As far as I’m concerned, that last line is the most important one. While I am willing to believe that Liang “wanted to preserve cultural assets” there is absolutely no reason whatsoever to think that he did, or that Doctor Langdon Warner – who is popularly, and falsely credited for having saved Kyoto despite his own denials – did so, rather than military and political considerations. The fact is that there is no real evidence to suggest that cultural asset preservation was a factor in the decision over where to drop the atom bombs, which is a topic that I plan to make a detailed post on some time in the future.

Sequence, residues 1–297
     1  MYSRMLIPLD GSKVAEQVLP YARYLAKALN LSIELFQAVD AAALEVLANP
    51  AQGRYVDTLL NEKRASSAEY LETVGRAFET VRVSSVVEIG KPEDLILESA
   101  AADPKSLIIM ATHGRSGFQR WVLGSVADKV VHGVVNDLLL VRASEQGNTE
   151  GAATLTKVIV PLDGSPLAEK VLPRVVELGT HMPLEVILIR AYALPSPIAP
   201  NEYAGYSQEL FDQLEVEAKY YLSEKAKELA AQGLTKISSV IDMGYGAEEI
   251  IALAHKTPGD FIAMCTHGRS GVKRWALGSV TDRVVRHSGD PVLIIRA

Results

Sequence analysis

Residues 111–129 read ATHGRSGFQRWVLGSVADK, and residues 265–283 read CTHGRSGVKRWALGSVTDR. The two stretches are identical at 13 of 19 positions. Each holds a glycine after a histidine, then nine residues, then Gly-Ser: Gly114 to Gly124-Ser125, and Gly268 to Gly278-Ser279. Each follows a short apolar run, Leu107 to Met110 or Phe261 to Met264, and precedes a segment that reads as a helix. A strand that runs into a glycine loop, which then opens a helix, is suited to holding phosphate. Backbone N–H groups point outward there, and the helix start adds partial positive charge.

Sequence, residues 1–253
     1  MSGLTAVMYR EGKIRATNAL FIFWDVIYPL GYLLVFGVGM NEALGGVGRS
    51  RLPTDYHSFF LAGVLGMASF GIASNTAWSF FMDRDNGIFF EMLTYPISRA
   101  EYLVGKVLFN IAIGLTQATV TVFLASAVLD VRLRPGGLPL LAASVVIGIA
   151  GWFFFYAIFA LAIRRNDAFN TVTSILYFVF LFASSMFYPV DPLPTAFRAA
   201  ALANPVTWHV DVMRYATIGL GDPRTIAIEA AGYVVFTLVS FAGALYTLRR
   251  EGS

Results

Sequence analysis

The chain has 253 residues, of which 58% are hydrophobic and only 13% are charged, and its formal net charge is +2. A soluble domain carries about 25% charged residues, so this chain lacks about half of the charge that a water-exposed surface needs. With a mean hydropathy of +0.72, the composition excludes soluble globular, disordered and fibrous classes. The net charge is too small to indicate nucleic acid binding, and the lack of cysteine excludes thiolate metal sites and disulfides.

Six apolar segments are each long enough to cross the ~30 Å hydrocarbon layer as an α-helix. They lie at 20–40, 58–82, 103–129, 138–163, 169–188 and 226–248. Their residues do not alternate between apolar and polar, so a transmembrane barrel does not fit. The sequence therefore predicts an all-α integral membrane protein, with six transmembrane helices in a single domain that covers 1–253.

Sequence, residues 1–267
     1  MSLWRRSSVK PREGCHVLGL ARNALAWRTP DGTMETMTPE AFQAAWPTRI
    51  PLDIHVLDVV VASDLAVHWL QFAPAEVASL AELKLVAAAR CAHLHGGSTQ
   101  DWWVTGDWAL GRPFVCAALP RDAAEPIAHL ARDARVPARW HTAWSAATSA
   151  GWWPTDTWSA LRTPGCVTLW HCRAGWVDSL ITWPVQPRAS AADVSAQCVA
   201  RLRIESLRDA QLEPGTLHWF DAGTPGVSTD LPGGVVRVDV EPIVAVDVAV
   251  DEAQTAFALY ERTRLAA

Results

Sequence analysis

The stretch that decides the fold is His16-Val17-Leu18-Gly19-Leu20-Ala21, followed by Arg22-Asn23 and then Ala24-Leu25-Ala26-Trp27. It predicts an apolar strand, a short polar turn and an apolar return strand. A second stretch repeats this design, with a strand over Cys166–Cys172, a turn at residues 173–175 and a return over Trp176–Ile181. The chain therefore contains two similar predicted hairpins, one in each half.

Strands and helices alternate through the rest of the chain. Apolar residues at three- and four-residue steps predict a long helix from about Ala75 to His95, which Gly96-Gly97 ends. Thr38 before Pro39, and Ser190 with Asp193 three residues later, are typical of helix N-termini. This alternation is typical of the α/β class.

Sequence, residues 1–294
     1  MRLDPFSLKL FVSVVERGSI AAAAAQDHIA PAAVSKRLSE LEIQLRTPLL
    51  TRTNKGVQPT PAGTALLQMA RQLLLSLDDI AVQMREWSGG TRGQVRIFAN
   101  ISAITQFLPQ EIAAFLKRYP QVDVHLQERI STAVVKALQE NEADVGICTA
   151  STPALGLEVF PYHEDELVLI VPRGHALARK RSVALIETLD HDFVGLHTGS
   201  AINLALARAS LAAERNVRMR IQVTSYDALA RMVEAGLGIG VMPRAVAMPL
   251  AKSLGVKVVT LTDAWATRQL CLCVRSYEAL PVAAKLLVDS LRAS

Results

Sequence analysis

Really, at it’s core the myth that Kyoto, and perhaps Nara and other historical cities, were saved from the atom bomb due to a strong desire to preserve ancient relics is nothing but a feel-good story for both side. Now, it might sound crazy to some that any aspect of the bombings is a “feel-good story,” but I propose that it actually serves such a purpose for both the Americans and the Japanese. By believing the myth that our government and military was persuaded to significantly alter the bombing plan, we can believe that, even in the midst of a bloody and inhuman war, an appeal by a humble art historian led us to transcend immediate concerns of war between nations for the sake of the historical legacy of humanity as a whole. We can pretend that while on the one hand we possess such godlike power, we also have the humility to use it wisely, and by remembering how we spared history for the sake of a greater good, we can conveniently draw attention away from the decisions to kill hundreds of thousands.